By Glenn Palmedo-Smith
The documentary film “2016: Obama’s America” had its San Diego debut a few weeks ago. By the end of that weekend, the film grossed more than $6.2 million with 1,725 screens and is now postured to surpass Al Gore’s “Inconvenient Truth” of $24 million gross. This film has local connections. The director (author Dinesh D’Souza) lives part time in Fairbanks Ranch. Much of the film’s financing was raised in the area, including a generous contribution from Jenny Craig. I talked with famed Hollywood producer Gerald Molen (producer of Jurassic Park and Schindler’s List), who is the driving force behind the film. Thus, here’s my take on the film:
The first act was surprisingly gentle in its telling, almost sympathetic to an innocent, wide-eyed “Barry” growing up in search of a fatherless identity. At the very onset of the film, the filmmakers graciously attempted to settle the “birther” question to an Obama favorable conclusion, stating that two Hawaiian newspapers announced the birth in print back in 1961. I find this smart filmmaking, much how I, myself, might attempt when approaching a controversial subject. Assuming America is split half left and half right, why unnecessarily disenfranchise half the audience when just coming out of the gate?
On one level, the audience can feel sorry for Obama because of the radical influences he had growing up. Yet, on the other hand, our brains are asking us, “How did this guy get to the top seat of government?” Developing fair “conflict” early is a place where overt propagandists like Michael Moore never venture as he narrates his own films, brazenly promoting his one-sided and biased agenda. Ideally, like nostalgic views of bygone newscasting of the past, so should documentaries thereby go, seemingly unbiased.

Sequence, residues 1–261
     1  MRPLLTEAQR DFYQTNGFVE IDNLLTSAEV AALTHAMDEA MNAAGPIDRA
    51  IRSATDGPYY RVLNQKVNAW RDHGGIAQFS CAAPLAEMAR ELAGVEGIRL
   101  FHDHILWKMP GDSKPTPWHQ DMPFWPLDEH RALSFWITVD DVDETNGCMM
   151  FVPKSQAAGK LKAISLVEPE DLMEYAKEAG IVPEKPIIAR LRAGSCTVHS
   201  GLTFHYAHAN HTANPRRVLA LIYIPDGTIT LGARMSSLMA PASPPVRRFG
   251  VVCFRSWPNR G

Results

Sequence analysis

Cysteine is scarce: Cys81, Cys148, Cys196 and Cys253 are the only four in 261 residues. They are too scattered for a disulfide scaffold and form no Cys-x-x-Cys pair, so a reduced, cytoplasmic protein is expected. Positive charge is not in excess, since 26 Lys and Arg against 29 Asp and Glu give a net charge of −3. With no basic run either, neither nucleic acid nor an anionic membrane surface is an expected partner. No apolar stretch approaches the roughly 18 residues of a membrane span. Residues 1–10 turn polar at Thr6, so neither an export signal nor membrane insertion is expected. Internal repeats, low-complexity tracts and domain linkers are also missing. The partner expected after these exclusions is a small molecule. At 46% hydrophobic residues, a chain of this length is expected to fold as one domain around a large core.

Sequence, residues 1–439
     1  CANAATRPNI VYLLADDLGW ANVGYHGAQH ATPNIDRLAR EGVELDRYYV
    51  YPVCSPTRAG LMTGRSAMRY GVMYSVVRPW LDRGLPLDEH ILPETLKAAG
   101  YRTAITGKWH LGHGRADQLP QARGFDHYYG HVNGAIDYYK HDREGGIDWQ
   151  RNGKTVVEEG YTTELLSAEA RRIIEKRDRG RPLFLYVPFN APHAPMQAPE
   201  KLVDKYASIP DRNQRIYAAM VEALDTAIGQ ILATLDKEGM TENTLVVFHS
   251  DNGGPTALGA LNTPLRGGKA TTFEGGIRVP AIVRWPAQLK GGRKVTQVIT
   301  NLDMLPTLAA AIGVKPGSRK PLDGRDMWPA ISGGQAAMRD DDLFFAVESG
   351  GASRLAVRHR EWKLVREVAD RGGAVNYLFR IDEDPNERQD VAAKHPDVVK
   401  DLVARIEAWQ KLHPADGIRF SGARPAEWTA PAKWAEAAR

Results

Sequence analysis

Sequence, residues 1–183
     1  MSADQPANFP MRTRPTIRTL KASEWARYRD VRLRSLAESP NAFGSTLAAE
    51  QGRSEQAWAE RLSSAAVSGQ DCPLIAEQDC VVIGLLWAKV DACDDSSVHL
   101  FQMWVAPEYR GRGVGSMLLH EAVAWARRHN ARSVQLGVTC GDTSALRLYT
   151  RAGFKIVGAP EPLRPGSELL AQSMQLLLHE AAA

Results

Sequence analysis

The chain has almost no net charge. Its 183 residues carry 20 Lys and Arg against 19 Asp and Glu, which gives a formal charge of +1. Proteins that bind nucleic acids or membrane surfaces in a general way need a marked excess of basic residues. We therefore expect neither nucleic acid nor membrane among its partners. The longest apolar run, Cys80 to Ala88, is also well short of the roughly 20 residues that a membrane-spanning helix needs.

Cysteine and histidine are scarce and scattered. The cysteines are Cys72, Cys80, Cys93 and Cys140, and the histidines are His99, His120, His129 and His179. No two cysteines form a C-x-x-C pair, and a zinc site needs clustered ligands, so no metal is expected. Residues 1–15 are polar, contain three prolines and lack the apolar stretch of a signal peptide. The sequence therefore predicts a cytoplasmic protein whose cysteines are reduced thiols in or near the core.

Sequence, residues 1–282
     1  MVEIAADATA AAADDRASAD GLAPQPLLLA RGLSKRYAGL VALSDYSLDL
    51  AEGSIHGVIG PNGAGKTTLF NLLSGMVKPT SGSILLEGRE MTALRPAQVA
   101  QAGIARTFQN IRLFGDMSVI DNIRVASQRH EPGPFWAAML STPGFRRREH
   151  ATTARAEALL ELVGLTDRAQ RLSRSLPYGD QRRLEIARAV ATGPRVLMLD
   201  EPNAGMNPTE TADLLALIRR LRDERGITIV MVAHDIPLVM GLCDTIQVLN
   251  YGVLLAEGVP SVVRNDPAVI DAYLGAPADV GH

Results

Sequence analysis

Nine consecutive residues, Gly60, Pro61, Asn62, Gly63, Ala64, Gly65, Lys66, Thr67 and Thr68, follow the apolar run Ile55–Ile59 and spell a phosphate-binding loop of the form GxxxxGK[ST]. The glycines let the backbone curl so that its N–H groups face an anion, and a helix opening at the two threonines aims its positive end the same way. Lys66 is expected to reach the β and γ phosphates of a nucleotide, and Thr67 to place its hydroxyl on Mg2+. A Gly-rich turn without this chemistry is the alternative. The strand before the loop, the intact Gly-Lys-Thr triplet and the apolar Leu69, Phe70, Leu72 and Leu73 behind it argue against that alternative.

My two favorite clips of the movie were: 1) The “off-mic” comment from Obama to Russian president Dmitry Medvedev, (paraphrase), “Don’t worry, after my second term we will be free to do much more,” while giving a wink-wink, pat on the knee. The Russian president then retorts, “I understand — I will inform Vladimir.” And 2), The “diss” of returning the Churchill bust to Britain, a gift to the Bush Whitehouse, presumably in an effort to proclaim to the Middle East that a new America has arrived that will distant itself from previous empire builders. Couldn’t the gift have quietly gone to another government office?
As a filmmaker, I had a problem with the many uses of reenactments in the film. A good documentary film utilizes reenactment sparingly, only in a last-ditch effort to make a point. Conducting his interviews on a phone (almost a dozen times by my account), is a cheap way to perform an interview. Having people on camera reenact previous conversations quoted from the director’s book and then depicting the director on his cell phone, presumably from California, asking the questions is sort of cheap, potentially misleading and an unnecessary gimmick with a $10 million budget. Also, the series of reenactment shots of the black kid being “dissed” by his white classmates and then seeing the sadness on the black kid’s face, while the white kids happily return with a lit cake, is sort of some soft church-type video, preserved for Catechism class and Lawrence Welk reruns.
But by the third act, the resolution of the movie, the film becomes important and timely for this upcoming election. It asks the viewer to think, and what more can a film do? I don’t believe it will change opinions of the extreme left — Take over General Motors, control the banks, socialize medical care, etc. I also don’t believe it will alter the extreme right vote either, as they will simply feel the film didn’t go far enough! But, I feel it will influence the center-leaning Democrat and GOP voters and, more significantly, the much-sought independent voter.
Consequently, I enjoyed the film and I believe it’s a worthy effort, if not merely for its marketing and forbiddeness, then for its daring subject matter — that certainly demands more industry exploration.
Glenn Palmedo-Smith is a film director, producer and writer. He recently received three Emmys for his Korean war film “Hold At All Costs,” and he has received many national “Best of Fests” awards for his other works.